Hoping to repair relationships destroyed by his predecessor, Quinn schmoozed with members of Congress, chatted with state lawmakers, held an open house at the governor's mansion and celebrated Abraham Lincoln's 200th birthday with schoolchildren across Illinois.
And when asked about the hard decisions he'll face in coming months, Quinn offered cautious generalities rather than firm declarations, an approach that preserved his flexibility and postponed any ugly policy clashes.
The Chicago Democrat certainly took decisive action in some cases.
He fired former Gov. Rod Blagojevich's last-minute choice to run the Department of Natural Resources. He called for Sen. Roland Burris to resign. He surprised Springfield by picking the head of a child-advocacy group as his chief of staff.
Presumably, Quinn is busy behind the scenes laying the foundation for a new administration and preparing for his first big test
- the March 18 budget address where he'll have to come up with a plan to close a massive deficit.
"Divine intervention would help," he joked Thursday. "We'll be praying a lot in the next two weeks."
Quinn was thrust into office when the Senate kicked Blagojevich out for a long list of transgressions. The most spectacular was the charge that he schemed to benefit from his power to pick President Barack Obama's replacement in the U.S. Senate. Blagojevich denies any wrongdoing.
Quinn took the oath of office the evening of Jan. 29. Saturday marks his 30th full day in office.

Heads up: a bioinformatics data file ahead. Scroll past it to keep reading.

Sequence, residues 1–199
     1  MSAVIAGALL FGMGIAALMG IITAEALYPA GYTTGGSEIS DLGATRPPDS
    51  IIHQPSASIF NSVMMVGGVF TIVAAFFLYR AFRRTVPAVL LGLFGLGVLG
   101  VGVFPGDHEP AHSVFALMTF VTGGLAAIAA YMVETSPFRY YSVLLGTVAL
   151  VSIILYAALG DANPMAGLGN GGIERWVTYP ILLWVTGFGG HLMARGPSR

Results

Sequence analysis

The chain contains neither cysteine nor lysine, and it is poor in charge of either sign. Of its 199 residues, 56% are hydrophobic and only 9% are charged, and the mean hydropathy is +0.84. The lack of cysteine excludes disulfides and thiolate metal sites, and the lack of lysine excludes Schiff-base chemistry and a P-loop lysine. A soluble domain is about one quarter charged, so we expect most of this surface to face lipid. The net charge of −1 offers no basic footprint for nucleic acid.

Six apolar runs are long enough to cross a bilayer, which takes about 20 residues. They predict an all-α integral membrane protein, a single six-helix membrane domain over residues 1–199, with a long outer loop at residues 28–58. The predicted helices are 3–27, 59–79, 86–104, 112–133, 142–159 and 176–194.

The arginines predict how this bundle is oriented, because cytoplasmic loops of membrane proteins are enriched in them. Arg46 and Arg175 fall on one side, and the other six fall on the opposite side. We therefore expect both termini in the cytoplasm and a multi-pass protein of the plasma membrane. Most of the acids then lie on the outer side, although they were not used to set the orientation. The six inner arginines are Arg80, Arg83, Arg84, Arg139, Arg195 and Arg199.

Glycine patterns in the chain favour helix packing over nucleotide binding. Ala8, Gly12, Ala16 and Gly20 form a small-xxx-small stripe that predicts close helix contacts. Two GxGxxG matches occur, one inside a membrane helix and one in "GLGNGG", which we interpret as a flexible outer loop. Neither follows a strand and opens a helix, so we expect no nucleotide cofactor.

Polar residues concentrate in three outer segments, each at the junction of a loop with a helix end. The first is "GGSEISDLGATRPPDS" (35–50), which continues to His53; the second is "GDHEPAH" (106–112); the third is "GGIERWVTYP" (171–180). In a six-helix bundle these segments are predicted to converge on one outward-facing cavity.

After the constant drama of Blagojevich's six years in office, Quinn certainly has plenty of support from people who hope state government can actually get something done.
"The most gratifying thing is, wherever I go people are very encouraging, no matter where they're from or what their political views are. They're relieved that the ordeal of the past is over and they're very supportive," Quinn said.
Lawmakers generally give Quinn high marks for trying to establish a collaborative relationship with the General Assembly after Blagojevich spent years alienating people. Quinn met with all four legislative caucuses, talked individually with some and made frequent appearances around the state Capitol.
"That's probably the most important thing he could be doing," said Senate Minority Leader Christine Radogno, a Republican.
Democratic Sen. Martin Sandoval praised Quinn's diplomatic efforts and gave him generally high marks. But Sandoval said he was surprised that Quinn didn't launch his administration with more of a bang.